• Two-way immersion: This type, which is also called bilingual immersion, is a way to integrate both students of the minority language and students of the majority language into the same classroom with the goal of academic excellence and bilingual proficiency for both student groups. In this type of language immersion, the instructional languages can be two languages, but only one language is used at a time. Students learn languages by the interaction with their peers and teachers. This method of language immersion is popular language in America.[5]

Types that are characterized by age:

  • Early immersion: Students start learning their second language at the age of 5 or 6.
  • Middle immersion: Students start learning their second language at the age of around 9 or 10.
  • Late immersion: Students start learning their second language after the age of 11.[6]

The stages of immersion can also be divided into:

  • Early total immersion: education in L2 at 90-100%, usually beginning in kindergarten or on first grade.
  • Early partial immersion: education in L2 at 50%, usually beginning in kindergarten or on first grade.
  • Middle (or delayed) total immersion: education in L2 at 90%, usually beginning on fourth grade.
  • Middle (or delayed) partial immersion: education in L2 at 50%, usually beginning on fourth grade.
  • Late total immersion: education in L2 at 80%, usually beginning on sixth or seventh grade.
  • Late partial immersion: education in L2 at 50%, usually beginning on sixth or seventh grade.[7]

Types of instruction

  • In foreign language experience or exploratory (FLEX) programs, students are exposed to a different language(s) and culture(s) in the classroom. A small percentage of class time is spent sampling one or more languages and/or learning about language and so proficiency in the target language is not the primary goal.[8] The goals of the program are to develop careful listening skills, cultural and linguistic awareness, and interest in foreign languages for future language study, as well as to learn basic words and phrases in one or more foreign languages.[8][9]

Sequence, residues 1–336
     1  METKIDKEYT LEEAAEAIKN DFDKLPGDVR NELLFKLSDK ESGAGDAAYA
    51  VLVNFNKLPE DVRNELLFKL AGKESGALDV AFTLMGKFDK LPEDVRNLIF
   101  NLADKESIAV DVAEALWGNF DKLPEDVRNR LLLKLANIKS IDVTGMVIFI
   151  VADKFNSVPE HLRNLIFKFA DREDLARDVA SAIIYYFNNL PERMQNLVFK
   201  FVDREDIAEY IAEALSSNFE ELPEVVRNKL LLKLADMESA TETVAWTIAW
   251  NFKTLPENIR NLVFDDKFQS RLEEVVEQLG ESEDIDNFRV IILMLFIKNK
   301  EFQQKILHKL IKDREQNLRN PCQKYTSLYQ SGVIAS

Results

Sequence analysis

• In foreign language in the elementary schools (FLES) programs, students focus on listening, reading, writing and speaking in the target language.[8] In contrast to FLEX programs, proficiency in the target language is the primary goal, but a secondary goal is to expose students to the foreign language’s culture.[8][9]
  • In submersion programs, bilingual students generally receive all of their instruction in their L2. Such programs are often referred to sink-or-swim programs because there is little support for the students' L1.[10]
  • In two-way immersion programs, also called dual- or bilingual immersion, the student population consists of speakers of two or more languages. Two-way immersion programs in the US promote L1 speakers of a language other than English to maintain that language as well as to teach English as a second language (ESL).[11] In addition, such programs allow L1 speakers of English to be immersed in a “foreign language acquisition environment.”[8]
  • In early-exit programs, bilingual students transition from a bilingual program to a mainstream classroom at an early age (around 7 or 8).[10] Such programs are supported by the belief that bilingual children will benefit the most from transitioning into a mainstream classroom as early as possible.[10]
  • In late-exit programs, bilingual students transition from a bilingual program to a mainstream classroom at a later age (around 10 or 11).[10] Such programs are supported by the belief that bilingual children will do better academically from being supported in both languages.[10]



People may also relocate temporarily to receive language immersion, which occurs when they move to a place (within their native country or abroad) where their native language is not the majority language of that community. For example, Canadian anglophones go to Quebec (see Explore and Katimavik), and Irish anglophones go to the Gaeltacht. Often, that involves a homestay with a family that speaks only the target language. Children whose parents emigrate to a new country also find themselves in an immersion environment with respect to their new language. Another method is to create a temporary environment in which the target language predominates, as in linguistic summer camps like the "English villages" in South Korea and parts of Europe.